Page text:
2. If God inspired Genesis, then it must be true. If there is a fault in it, then it was not inspired by God and the Jews take the blame (as an aside, I notice a strong tinge of anti-semitism among the new atheists, esp. Dawkins and Harris). Given it is true, then the question is how it should be correctly interpreted. Aquinas errs in his thinking by leaning on the defective biology of Aristotle (who used the ''misbegotten'' term) and in the sense that the male is the active participant in generation (which is true only in motion, sperm vs. ovary, etc), which he follows Aristotle in ranking higher than the passive. However, he also quotes Pope Gregory (Q.92, Art 1, Obj. 2) who says ''Where there is no sin, there is no inequality.'' I think the Pope got it more right than the Theologian on this one (again!).

3. The Fall occurred when the first human, Adam, sinned, just as Jesus takes the role of the new Adam in salvation. And the idea that there was a sexual component to Eve's sin is purely speculative (it is not in Genesis), is not the accepted thinking, and is beside the point. Lust goes both ways, and there are six other deadly sins, so it's not all about sex. I think misogyny is the wrong word for the mistakes prior generations made in biology, as it implies hate or at least dislike of women, whereas there is no hint of that. And Mary's role could not have occurred if there was real misogyny.

Pope John Paul II of course did not teach any inequality between men and women in dignity, although there are surely biological, psychological and behavioral differences evident to all. Equality does not require sameness. To think that complementarity means de facto inequality is to demean the unique aspects of both sexes (some future generation might even call it misogyny to require sameness). Hence, it is ideal for children to be raised by a mother and a father, and society was right (only a generation ago) to emphasize this. Now, feminist and gay ideology demands a complete neglect of the differences, to the detriment of the next generation (who will also get the bill for the debt - they will not look kindly at this generation).

William Lindsey
11 years 6 months ago
@Tim O'Leary at #32: "[I]s there anybody on this blog who would care to describe what chastity could mean for an active homosexual male?"

I cannot claim to speak for all "active homosexual" males.

I can speak for myself.

I have been with my life partner for 41 years.

I'm 62 years old and can count on the fingers of one hand with fingers left to spare the number of people with whom I've had any sexual intimacy.  

This despite the fact that I was i college during the rather free-wheeling 1960s when, even at my somewhat conservative Jesuit university, many of the young men in my dorm had their girlfriends in their dorm rooms with them on any given evening . . . .

I'm perfectly well aware that studies show high rates of promiscuity among gay men.  I've also long been under the impression that the gay community does not have a corner on the promiscuity market, and that straight folks have challenges of their own at living lives of chasity.

And this is the case even though society at large and religious institutions provide all kindf of support networks for and give all kinds of signals of approval to the relationships of straight people that are not there for those who are gay and lesbian, making it harder for the latter to sustain perduring and strong relationships, in many cases . . . .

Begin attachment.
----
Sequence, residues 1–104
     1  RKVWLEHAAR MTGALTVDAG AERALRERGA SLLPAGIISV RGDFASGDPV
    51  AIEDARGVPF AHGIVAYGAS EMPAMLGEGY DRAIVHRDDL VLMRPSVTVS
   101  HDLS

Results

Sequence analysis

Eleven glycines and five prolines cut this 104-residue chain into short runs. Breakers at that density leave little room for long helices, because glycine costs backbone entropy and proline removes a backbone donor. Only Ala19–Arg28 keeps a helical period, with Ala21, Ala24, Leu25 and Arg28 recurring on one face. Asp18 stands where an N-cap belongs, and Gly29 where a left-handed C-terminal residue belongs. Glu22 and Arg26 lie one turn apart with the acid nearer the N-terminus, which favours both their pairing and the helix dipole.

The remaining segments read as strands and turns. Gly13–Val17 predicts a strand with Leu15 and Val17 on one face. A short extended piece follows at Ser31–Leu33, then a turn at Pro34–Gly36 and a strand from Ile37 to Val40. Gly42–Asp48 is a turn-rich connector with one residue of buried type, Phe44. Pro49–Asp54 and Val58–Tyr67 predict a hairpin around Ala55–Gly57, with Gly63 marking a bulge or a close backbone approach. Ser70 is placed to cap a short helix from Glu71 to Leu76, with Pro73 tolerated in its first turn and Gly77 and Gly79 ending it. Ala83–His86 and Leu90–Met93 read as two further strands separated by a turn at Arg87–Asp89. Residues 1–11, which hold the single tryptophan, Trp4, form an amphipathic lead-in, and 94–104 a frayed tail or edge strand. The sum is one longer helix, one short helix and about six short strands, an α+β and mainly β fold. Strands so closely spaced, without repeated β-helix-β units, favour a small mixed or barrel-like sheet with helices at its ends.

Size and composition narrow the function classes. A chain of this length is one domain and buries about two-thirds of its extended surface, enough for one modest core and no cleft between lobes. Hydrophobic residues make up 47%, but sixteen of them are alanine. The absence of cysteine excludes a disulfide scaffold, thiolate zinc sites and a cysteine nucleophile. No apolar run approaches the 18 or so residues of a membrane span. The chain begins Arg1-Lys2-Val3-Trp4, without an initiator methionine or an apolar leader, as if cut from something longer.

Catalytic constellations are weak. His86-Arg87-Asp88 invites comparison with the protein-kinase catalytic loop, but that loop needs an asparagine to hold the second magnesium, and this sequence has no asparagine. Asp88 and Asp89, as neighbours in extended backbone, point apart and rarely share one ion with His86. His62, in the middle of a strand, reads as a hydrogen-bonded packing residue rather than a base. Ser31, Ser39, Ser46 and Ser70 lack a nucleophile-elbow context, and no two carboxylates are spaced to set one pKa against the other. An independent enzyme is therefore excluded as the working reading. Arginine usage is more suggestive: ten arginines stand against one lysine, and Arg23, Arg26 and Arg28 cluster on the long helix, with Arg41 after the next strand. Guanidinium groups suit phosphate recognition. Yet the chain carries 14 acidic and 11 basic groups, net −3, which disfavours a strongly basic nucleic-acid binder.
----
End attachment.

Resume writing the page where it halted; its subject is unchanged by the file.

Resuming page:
Stanley Kopacz
11 years 6 months ago
Since former NJ governor McGreevy's wife was married to a gay man, was it a gay marriage?
Beth Cioffoletti
11 years 6 months ago
This is a stretch (what isn't?) for thinking about "virginity" and the Virgin Mary ... 

I recently came across a reading by Ron Rolheiser OMI about "revirginization" - and how one might become revirginized - that struck a chord with me.  Virginity just might be a deeper and broader concept than what we think.  Here is a passage from Rolheiser's book "Forgotten Among the Lilies" ...  It really challenges my very small notions of what the Virgin Mary is all about ...

Perhaps the process of revirginization may best be described by two metaphors:

The image of weather revirginizing a geographical terrain: Imagine a geographical terrain that has been ravaged by natural disaster and despoiled by human beings. Its waters are dirty and polluted, its vegetation is dead and its natural beauty is destroyed. However, given time and weather – the sun, the rains, the winds, the storms, the frost and snow – it, in a manner of speaking, revirginizes. Its waters again grow clear and pure, its vegetation return to life and eventually its natural beauty returns. In a manner of speaking, its chastity returns, making it again “virgin territory.”

So too with our hearts and minds: as soon as we stop despoiling them through the illusion of familiarity and indiscriminate experience, they too regain, gradually, their virginity and begin again to blush in the wonder of knowing and loving. A chastity in knowing and loving returns.

The image of fetal darkness: Imagine the gestation process of a human being in the womb. The process begins with a mere egg, a cellular speck which is being gestated, formed, cared for, shaped by things around it and nourished by a reality infinitely larger than itself. The process takes place in darkness, in a dark peace. Eventually the child has grown sufficiently and emerges for the first time.